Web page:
Friday, 15 July 2011

Iris Murdoch Day

No time to write today, but tonight I am going to crawl off to bed to celebrate the last hours of the late Iris Murdoch's 92nd birthday with another re-reading of one of her books. I'd rather wanted to go for The Sea, the Sea, partly for its narrator's obsession with eating (I've been cooking this week as OH hasn't been well; I find the planning of food very time-consuming now that I'm out of practice and I thought Charles Arrowby's musings might have helped), and partly because it came first in the Twitter poll for favourite IM book* organised by @IrisMurdoch, in honour of her anniversary. Anyway, a hunt of the bookshelves upstairs proved fruitless (the shelves are all double-stacked, and have become rather inaccessible, in part owing to OH's own obsession with acquiring cookery books, which are piled on the floor and spilling out of boxes), so it had to come down to a choice between what was available/not recently read: The Sandcastle or A Word Child.

Because her dogs are so wonderful, I feel the need of one today. Really, I should be reading Under the Net, in that case, but The Sandcastle has, at least, a late dog, Liffey, who is mentioned near the start, as Mor and Nan are sharing, in a desultory way, a cold lunch (and the temperature refers both to the unappetizing meal and the atmosphere in which it is being eaten):
"You remember how poor Liffey used to hate this hot weather," said Mor.
Liffey had been their dog, a golden retriever, who was killed two years ago on the main road. The animal had formed the bond between Mor and Nan which their children had been unable to form. Half unconsciously, whenever Mor wanted to placate his wife he said something about Liffey.
Nan's face at once grew gentler. "Poor thing!" she said.
How much information is conveyed by that exchange!

I have never much liked this cover, which dates from the late 60s/early 70s, the later Penguin covers are much nicer. I'd much rather have either of these, the later Penguin or the rather elegant Vintage one:

 I think the Vintage covers are wonderful, and wish I were starting my collection with them, especially the cover for Under the Net, which I fell in love with the other day. Do have a look and see if you agree with me.

* I voted for The Nice and the Good, another lovely Vintage cover and, again, much better than my old Penguin one. I grew up at the wrong time evidently.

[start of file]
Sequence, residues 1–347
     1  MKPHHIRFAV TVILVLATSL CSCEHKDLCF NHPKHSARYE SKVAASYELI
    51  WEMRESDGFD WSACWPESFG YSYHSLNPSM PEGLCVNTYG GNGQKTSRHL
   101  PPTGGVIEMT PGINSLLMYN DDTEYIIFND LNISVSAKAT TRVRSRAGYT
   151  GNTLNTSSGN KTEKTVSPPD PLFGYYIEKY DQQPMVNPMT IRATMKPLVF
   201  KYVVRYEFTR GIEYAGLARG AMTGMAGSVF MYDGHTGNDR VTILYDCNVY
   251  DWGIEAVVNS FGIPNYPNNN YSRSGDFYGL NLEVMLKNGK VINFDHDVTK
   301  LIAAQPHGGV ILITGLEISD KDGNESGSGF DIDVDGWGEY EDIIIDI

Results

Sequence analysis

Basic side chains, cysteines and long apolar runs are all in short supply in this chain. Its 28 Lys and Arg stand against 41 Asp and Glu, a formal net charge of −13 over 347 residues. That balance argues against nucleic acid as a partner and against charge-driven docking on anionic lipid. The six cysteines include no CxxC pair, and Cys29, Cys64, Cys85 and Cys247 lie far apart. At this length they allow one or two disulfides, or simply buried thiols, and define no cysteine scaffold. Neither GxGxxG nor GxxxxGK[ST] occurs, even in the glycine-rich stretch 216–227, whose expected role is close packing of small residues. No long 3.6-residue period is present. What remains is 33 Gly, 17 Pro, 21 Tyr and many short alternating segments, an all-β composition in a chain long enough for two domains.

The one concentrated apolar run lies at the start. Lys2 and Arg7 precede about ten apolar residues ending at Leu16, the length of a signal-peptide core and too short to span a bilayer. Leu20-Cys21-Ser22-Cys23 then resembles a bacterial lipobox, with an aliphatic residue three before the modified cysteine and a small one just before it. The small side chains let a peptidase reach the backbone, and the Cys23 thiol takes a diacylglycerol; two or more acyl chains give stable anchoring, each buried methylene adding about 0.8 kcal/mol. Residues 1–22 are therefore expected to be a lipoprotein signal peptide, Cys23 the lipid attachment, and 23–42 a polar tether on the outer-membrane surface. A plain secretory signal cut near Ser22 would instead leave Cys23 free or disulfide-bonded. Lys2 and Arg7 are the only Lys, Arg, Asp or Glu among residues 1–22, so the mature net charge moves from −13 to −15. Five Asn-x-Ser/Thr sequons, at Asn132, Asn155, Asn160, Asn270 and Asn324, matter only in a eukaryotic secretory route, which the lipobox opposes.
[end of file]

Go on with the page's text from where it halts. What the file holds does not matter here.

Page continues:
Saturday, 9 July 2011

The Flying Troutmans by Miriam Toews

As dysfunctional families go the Troutmans are particularly so. Hattie, the narrator, hasn't really got her life together - she's been living in Paris, mostly to get away from her sister, Min, but when Min's 11-year-old daughter Thebes calls and begs her to come home, there's not much to prevent it. Min, who's spent large parts of her life as an elective mute, will no longer get out of bed or talk, and needs to be in hospital, but Thebes and her older brother Logan are desperate not to go into foster care.

Thebes and Logan may be troubled kids, but they are used to having to care for each other, and for Min, so they're actually nice, with lots of redeeming features, although these aren't necessarily evident to many of the people around them, like teachers and neighbours. Hattie's had a similarly difficult background (she thinks Min tried to drown her once) so she mostly understands the reasons, if not always the actions. She's inexperienced at parenting though: "Do you ever wash?...Am I supposed to tell you to?" she inquires of Thebes, who has acquired a coating of crud - tears and candyfloss and tattoo transfers and general dirt - that makes her look as as if she has "some weird skin disease".

Hattie decides that they should look for the children's father, Cherkis, who was pretty much driven out by Min. She doesn't know exactly where he is, but he was least heard of in a town in South Dakota, so they'll take the unreliable van and head there, something made easier by Logan's expulsion from school. The journey takes up most of the book and, of course, as a metaphor it works on a number of levels as they all undergo voyages of self-discovery, and we learn the more about them as they look back into the past and Hattie tries to unravel the family history for the two children, and to show them that both their parents can love them, even if their father chooses to be absent and their mother chooses to die.
For me The Flying Troutmans seems haunted by another book, Marian Engel's Lunatic Villas, whose protagonist is another Harriet (I can't believe that the name is not an acknowledgement from Toews, even more so since in another of Engel's books the main character is Minn). Lunatic Villas is also full of dysfunctional families and precocious children - I can see both the lovely Simeon and the more troubled Mickle in Logan. Reviewing it in 2007, I said that "every parent knows that the weird and ridiculous are part and parcel of the process of bringing up children" and it's true here too, as Engel and Toews share an insight into the best and worst aspects of family life that enriches and enlightens. LV marked the beginning of my love affair with Canadian literature and its presence in the background resonates and complements this book. Until now I haven't loved Toews as much as I (and other people!) thought I should, but this is a stunning piece of writing and I know that it will be alternating with Lunatic Villas for re-reads from now on.